Evaluation of cardiovascular risk in patients with rheumatoid arthritis: Do cardiovascular biomarkers offer added predictive ability over established clinical risk scores?




To determine whether adding C-reactive protein, anti–cyclic citrullinated peptide antibodies, rheumatoid factor, N-terminal pro–brain natriuretic peptide (NT-proBNP), oxidized low-density lipoprotein (ox-LDL), or anti–apolipoprotein A-I (anti–Apo A-I) IgG to the Framingham 10-year cardiovascular (CV) risk score (FRS) could improve its CV prognostic accuracy in rheumatoid arthritis (RA).


We performed an ancillary study derived from a prospective single-center cohort consisting of 118 RA patients without CV disease at baseline. The FRS and the various biomarkers were assessed at enrollment and their prognostic accuracy was determined using receiver operating characteristic (ROC) curve analysis. The incremental predictive ability of biomarkers was assessed using the integrated discrimination improvement (IDI) statistics.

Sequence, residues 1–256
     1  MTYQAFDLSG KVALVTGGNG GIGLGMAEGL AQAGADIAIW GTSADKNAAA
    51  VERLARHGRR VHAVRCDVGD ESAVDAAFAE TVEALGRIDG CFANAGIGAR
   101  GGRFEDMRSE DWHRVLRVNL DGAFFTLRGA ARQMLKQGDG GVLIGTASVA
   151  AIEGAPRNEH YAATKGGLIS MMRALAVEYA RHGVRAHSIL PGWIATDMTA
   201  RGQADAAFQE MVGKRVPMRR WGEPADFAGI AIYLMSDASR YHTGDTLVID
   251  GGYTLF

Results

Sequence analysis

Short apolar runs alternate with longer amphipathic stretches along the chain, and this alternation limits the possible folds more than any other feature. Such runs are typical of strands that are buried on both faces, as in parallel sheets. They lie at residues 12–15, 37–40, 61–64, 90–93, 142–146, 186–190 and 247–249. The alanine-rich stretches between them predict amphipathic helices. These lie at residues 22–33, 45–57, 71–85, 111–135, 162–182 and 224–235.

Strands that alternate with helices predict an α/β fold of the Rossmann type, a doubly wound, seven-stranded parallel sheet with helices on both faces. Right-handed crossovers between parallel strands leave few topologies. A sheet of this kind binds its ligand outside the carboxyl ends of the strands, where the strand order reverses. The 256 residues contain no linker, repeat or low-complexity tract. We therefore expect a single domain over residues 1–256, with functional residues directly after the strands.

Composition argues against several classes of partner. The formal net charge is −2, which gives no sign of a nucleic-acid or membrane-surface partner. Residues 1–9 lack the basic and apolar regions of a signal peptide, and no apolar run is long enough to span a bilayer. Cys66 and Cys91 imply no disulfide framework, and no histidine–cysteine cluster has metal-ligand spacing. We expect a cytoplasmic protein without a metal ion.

During a median followup period of 9 years, the incidence of CV events was 16%. Both the FRS and 3 of the biomarkers (NT-proBNP, ox-LDL, and anti–Apo A-I) were significant predictors of subsequent CV events (area under the ROC curve [AUC] between 0.68 and 0.73). Anti–Apo A-I was the only biomarker to significantly improve the prognostic ability of the FRS, with AUCs increasing from 0.72 to 0.81 and the IDI improving by 175% (P < 0.001).


Among the biomarkers tested, only anti–Apo A-I significantly improved the FRS predictive ability.